The Court hereby demands an accounting from the responsible party regarding the reason Ms. Clinite's unauthorized signature was used in a document filed with this Court.   If this accounting is not received on or before August 16th, this Court will call a hearing and sanctions, more severe than any that would be meted out pursuant to voluntary compliance with this order, will be forthcoming.

Id. at 1-2.

Both attorney Hammel and Johnson herself filed statements in response to the court's demand for an explanation.   Both denied having improperly inserted Clinite's signature into the motion to substitute.   R. 21, 23.

In his response, Hammel acknowledged that he had received a draft (unsigned) motion to substitute from Clinite, a copy of which he attached to the response.   R.23 at 2 ¶ 11 & Ex. A. He further disclosed that he also had received motions to substitute from Johnson for both her case and her mother's suit, and that the motions already contained what purported to be the signatures of Clinite, Johnson, and her mother.  Id. at 2 ¶¶ 13-15.   Once Hammel had met with Johnson's mother, Parks, and confirmed that Parks wished for him to represent her, Hammel directed his secretary to file the motions to substitute that he had received from Johnson.  Id. at 3 ¶¶ 18-24.   Hammel attached to his response a copy of the signed substitution motion for Johnson's suit that Johnson had delivered to his office.  Id. at 2 ¶ 14 & Ex. B. Interestingly, that version of the motion differs in significant respects from the version that was actually filed.   We take note of two prominent differences.   First, although the content of the two versions is identical, the text of the filed motion is entirely in capital letters, see R. 17, whereas the text of the version attached to Hammel's response is not, R. 23 Ex. B. Moreover, on the second page of the filed version, the text of the final sentence of the motion runs eccentrically down the page in a narrow column to the immediate left of the (purported) signatures of Clinite and Johnson.   R. 17 at 2. By contrast, in the version attached to Hammel's response, the text of the final paragraph is entirely above the signatures, within margins that are consistent with the rest of the motion.   R. 23 Ex. B at 2. No explanation for the differences between the two versions is supplied in Hammel's response;  indeed, Hammel's response did not even acknowledge that the version attached to his response was different from the one his office filed with the court.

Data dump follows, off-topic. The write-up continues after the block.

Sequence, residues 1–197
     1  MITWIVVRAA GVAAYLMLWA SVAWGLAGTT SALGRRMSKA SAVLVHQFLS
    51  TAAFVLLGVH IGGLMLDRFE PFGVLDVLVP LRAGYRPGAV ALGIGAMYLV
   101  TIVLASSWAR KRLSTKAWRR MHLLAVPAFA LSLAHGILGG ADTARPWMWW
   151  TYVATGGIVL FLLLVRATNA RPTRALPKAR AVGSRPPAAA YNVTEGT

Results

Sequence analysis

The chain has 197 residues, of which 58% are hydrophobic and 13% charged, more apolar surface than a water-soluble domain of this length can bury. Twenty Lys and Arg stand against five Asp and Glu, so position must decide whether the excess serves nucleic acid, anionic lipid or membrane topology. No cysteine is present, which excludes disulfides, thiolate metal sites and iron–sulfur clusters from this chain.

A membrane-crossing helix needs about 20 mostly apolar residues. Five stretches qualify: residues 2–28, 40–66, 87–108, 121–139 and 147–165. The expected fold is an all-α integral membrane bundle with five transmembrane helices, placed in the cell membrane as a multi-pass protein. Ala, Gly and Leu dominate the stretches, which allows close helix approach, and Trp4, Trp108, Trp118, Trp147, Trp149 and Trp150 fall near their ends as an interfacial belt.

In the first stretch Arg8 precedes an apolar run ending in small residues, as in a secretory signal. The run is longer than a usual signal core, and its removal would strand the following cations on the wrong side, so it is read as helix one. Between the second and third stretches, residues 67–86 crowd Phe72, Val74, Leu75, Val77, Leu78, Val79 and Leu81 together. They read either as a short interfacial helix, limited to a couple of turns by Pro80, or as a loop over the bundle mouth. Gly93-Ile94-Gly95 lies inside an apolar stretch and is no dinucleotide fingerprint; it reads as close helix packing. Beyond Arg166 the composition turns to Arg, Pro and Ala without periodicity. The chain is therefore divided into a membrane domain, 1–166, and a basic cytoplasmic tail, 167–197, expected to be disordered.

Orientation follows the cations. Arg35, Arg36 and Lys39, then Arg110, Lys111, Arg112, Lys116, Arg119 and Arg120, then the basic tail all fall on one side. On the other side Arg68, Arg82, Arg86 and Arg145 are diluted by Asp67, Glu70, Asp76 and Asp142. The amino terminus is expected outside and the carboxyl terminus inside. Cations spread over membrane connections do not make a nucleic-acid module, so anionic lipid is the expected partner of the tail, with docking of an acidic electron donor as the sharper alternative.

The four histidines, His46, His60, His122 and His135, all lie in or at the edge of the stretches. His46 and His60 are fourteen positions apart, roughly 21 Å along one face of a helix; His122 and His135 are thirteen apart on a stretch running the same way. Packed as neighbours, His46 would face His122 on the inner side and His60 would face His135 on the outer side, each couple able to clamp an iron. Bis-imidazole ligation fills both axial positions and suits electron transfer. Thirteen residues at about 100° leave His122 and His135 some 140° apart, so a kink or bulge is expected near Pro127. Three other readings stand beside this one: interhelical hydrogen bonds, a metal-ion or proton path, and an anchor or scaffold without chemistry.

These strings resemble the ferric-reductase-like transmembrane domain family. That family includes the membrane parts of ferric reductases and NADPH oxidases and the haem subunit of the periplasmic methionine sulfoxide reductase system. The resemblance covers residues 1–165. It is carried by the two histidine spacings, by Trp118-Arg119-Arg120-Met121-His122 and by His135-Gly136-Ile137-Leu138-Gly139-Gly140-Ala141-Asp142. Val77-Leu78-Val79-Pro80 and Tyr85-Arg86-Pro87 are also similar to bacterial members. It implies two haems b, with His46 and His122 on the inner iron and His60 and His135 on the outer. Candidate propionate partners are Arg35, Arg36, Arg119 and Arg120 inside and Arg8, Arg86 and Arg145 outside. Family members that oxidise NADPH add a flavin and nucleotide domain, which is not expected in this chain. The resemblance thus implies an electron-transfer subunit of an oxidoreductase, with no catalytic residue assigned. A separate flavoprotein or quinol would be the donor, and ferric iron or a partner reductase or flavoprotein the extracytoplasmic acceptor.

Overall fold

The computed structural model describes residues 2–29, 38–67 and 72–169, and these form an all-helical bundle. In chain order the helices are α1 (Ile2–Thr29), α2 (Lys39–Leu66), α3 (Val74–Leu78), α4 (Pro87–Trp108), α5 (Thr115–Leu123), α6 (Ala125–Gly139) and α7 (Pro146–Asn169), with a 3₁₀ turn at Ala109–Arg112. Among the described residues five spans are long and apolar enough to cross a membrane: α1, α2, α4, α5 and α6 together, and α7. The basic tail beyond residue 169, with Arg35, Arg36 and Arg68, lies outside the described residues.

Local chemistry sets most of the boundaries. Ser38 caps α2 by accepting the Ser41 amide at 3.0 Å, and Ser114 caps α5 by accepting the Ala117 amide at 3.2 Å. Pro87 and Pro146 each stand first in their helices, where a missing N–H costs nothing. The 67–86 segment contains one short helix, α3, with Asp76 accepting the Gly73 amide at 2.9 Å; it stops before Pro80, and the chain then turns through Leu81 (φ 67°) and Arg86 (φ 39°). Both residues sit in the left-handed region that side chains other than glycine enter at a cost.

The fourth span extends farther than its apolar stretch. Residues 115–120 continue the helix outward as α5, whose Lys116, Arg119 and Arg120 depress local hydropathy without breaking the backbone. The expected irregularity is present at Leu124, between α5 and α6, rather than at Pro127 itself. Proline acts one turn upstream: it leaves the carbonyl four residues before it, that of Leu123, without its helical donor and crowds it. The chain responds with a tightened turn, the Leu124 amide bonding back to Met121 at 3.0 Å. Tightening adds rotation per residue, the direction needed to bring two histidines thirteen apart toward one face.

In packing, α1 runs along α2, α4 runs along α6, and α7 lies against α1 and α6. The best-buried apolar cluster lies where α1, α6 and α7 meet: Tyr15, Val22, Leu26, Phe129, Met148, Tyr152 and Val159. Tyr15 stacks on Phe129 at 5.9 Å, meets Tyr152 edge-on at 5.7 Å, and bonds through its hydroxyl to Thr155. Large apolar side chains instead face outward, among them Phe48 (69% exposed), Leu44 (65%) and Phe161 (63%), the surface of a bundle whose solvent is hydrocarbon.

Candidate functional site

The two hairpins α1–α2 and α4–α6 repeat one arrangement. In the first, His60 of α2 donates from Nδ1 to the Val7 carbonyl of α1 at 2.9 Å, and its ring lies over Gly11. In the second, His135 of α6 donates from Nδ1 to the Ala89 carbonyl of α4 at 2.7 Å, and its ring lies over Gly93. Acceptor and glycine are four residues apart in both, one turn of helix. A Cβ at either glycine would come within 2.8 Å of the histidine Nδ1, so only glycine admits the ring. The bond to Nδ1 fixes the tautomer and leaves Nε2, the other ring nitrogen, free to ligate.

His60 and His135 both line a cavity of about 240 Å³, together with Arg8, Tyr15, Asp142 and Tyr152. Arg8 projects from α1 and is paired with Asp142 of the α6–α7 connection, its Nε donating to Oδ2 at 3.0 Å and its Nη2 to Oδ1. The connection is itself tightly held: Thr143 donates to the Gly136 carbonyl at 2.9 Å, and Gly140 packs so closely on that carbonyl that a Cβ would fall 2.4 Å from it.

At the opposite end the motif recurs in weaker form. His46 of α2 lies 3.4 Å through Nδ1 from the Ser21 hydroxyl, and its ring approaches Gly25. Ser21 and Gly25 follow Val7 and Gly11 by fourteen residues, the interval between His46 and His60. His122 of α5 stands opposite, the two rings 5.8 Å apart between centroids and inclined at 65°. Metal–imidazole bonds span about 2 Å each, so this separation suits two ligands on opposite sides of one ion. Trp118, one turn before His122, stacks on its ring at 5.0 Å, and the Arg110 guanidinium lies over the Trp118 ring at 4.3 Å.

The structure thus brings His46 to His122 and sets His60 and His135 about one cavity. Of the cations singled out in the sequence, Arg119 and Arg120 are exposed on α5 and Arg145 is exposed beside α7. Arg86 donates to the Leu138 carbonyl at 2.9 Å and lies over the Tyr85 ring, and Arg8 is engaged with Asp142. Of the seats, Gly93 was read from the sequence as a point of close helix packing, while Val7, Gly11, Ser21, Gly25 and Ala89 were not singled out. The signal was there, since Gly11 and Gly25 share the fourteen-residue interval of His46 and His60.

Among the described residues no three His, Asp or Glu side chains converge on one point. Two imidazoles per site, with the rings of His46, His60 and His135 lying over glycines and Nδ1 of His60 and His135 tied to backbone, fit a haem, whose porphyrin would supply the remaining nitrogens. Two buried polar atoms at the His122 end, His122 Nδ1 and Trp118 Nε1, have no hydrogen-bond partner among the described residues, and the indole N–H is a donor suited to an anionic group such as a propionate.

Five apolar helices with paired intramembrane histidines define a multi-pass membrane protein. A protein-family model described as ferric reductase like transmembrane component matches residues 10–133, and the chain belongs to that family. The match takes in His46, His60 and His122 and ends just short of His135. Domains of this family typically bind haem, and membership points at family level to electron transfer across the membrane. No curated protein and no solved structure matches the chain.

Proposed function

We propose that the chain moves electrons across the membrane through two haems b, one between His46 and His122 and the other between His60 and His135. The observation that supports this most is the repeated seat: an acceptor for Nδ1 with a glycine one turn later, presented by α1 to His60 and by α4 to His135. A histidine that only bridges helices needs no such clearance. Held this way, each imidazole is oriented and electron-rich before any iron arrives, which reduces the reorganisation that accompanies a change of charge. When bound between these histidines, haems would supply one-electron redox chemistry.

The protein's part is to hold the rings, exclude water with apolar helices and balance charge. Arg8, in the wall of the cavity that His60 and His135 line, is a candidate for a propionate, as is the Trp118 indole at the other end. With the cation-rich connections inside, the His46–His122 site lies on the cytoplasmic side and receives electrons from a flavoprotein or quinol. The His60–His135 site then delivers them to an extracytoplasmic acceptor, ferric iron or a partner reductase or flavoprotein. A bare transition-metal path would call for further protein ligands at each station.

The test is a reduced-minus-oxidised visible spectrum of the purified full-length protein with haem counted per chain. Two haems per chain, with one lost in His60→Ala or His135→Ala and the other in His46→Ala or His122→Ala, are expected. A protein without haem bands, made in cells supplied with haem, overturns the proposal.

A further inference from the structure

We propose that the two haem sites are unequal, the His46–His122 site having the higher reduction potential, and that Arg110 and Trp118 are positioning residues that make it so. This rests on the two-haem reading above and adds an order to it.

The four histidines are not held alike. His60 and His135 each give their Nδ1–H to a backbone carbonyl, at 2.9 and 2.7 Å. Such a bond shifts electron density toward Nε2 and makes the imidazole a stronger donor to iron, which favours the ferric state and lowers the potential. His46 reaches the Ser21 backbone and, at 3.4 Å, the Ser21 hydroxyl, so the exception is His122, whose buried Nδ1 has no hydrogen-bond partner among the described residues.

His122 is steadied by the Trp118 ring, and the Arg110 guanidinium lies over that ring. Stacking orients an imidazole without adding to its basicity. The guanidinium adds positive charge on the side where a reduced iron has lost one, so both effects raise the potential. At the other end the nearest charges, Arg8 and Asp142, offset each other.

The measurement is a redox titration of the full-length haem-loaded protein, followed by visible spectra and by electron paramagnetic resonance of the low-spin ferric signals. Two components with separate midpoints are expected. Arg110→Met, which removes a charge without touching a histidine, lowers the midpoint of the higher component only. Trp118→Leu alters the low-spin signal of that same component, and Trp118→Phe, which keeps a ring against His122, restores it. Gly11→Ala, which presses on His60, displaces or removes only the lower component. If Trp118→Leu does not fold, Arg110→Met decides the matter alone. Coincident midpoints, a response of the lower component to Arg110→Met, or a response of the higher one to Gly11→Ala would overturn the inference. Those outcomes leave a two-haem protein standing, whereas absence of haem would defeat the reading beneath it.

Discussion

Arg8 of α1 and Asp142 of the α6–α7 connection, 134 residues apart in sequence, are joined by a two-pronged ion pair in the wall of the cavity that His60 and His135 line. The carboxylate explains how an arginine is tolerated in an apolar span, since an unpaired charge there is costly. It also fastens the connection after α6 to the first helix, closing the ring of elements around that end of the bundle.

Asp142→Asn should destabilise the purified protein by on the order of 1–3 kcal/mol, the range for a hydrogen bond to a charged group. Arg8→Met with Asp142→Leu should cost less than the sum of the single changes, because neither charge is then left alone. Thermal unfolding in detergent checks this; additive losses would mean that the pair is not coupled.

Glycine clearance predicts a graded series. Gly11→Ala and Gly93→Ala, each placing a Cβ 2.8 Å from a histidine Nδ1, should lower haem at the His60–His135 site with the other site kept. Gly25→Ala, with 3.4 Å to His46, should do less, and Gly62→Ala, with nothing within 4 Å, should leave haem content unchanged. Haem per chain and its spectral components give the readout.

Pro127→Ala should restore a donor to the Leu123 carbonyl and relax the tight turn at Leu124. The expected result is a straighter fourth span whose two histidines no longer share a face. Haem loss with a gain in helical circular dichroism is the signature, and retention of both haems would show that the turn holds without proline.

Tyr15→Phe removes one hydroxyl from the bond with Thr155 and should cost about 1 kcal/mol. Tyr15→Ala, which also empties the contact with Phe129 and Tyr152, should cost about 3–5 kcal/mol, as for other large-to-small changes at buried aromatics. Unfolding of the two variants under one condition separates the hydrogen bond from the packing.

Johnson stated in her own response that she “ha[d] never signed the signature of:  Attorney Barbara Clinite,” R. 21 at 2, that the substitution of counsel forms had been sent to her in East Saint Louis by mail from Chicago, Illinois, id. at 4 (from whom her statement did not make clear, but presumably from Clinite), and that any suggestion that she herself may have forged Clinite's signature was “[f]raudulent” and “unfounded,” id. at 5, 6. Johnson also alleged that Clinite owed her the sum of $2,700 “for services as a legal clerk.”  Id. at 7. In apparent support of that allegation, Johnson submitted a series of letters that Clinite had written to her.   R. 21 (sealed attachments);  see also R. 25 (sealed attachments).   That correspondence revealed that Clinite, who apparently lacked the ability to file documents electronically from her own outdated computer, occasionally had relied on Johnson and others to electronically file documents on her behalf.   See R. 21 (sealed attachments).

In an order dated August 18, 2004, in which the district court denied a request for recusal filed by Johnson, the court took the opportunity to schedule a hearing regarding the unauthorized signature of Clinite on the substitution motion.   The court noted that at that hearing, it would also address Clinite's use of Johnson and others to file documents electronically, which the court found “troubling.”   R. 26. at 7.